Knights of the Round Table
Date: 07/01/98 at 19:41:59 From: Nan Lou Subject: Algebra puzzle Dr. Math, The problem is called the Knights of the Round Table. Say King Arthur has a daughter and wants to marry her off to one of his knights. The way he chooses is to have them all sit down at the round table and he'll say to the first knight, "You live." He'll say to the second knight, "You die" and kills him, and lets the third one live and fourth one die and so forth around and around the round table until there's only one left. The thing we have to do is figure an equation that if you know how many knights there's going to be, what position should you sit in to marry the daughter. So the variables should be n = number of students and p = the position you should sit in or something like that. I have figured out a pattern: number of knight 1 2 3 4 5 6 7 8 9 10 11 12 13 14 15 16 17 18 19 position of survivor 1 1 3 1 3 5 7 1 3 5 7 9 11 13 15 1 3 5 7 So that at every power of two, it starts over at one again. For example, 2^1 = 2, 2^2 = 4, 2^3 = 8, 2^4 = 16 ... But I just don't know how to put that into an equation. Thanks for helping me at this problem. Nan Lou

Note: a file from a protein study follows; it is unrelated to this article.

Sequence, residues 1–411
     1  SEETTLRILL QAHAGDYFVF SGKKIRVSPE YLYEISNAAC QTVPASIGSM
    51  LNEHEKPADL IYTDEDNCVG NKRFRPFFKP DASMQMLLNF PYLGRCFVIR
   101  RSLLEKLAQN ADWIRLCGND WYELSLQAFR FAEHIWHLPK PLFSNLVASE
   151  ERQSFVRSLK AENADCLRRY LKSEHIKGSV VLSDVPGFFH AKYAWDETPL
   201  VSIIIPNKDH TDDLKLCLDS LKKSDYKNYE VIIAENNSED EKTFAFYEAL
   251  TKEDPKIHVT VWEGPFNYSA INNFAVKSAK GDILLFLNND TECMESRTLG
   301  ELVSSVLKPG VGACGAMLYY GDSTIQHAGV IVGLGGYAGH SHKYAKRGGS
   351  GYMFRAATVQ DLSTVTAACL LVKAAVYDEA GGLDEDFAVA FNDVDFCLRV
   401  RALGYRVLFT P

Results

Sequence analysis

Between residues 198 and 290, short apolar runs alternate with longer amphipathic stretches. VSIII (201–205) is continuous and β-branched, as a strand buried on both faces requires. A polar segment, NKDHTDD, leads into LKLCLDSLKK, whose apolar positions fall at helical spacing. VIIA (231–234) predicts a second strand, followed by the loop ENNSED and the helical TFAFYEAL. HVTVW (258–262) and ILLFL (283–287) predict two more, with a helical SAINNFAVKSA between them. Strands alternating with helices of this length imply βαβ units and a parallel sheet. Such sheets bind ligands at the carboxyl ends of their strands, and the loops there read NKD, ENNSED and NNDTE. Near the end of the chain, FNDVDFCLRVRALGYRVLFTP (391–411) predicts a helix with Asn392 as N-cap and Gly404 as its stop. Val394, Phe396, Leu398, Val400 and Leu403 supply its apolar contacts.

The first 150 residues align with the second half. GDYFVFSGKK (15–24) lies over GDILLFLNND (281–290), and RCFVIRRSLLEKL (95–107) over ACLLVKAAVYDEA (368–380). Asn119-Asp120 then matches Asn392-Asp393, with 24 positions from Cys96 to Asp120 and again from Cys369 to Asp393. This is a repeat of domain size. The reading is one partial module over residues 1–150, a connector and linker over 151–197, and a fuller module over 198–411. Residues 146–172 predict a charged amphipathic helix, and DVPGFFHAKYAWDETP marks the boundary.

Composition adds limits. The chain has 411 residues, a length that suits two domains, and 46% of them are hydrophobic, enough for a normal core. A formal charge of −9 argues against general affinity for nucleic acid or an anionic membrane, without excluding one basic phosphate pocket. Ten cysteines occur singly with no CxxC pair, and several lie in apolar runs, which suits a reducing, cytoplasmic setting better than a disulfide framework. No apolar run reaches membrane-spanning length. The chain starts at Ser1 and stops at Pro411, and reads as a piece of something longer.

Date: 07/02/98 at 20:28:16 From: Doctor Pete Subject: Re: Algebra puzzle Hi, You've basically solved the problem - all you need to do now is to find the formula. But first, I'll talk a bit about why the pattern is the way it is. Clearly, if there are 2^n knights, for some positive integer n, then each time Arthur goes around the table, the first knight is never killed. So he must be the survivor. When there are 2^n + 1 knights, then after Arthur eliminates knight 2, there are 2^n knights, and the situation is the same as before, except that the position has "changed," so that knight 3 is never killed. In general, if you have 2^n + k knights, where k < 2^n, once you eliminate k knights, there are only 2^n knights remaining and knight 2k+1 is never killed. So to put this into a formula, for x knights, we have to find a positive integer n and a nonnegative integer k such that x = 2^n + k, with k < 2^n. Then the knight which is not killed is 2k + 1. Thinking about this, in some sense n must be the largest value that satisfies 2^n <= x; that is, 2^n is less than or equal to x. To find this value, we can use logarithms. We have n = Floor[Log[2,x]] - that is, n is the greatest integer less than or equal to the base 2 logarithm of x. Then: k = x - 2^n = x - 2^Floor[Log[2,x]] So we have: 2k + 1 = 2(x - 2^Floor[Log[2,x]]) + 1 I know this probably isn't your idea of a nice formula, and if you're not familiar with the Floor or Log functions, this could be a bit strange. - Doctor Pete, The Math Forum Check out our web site! http://mathforum.org/dr.math/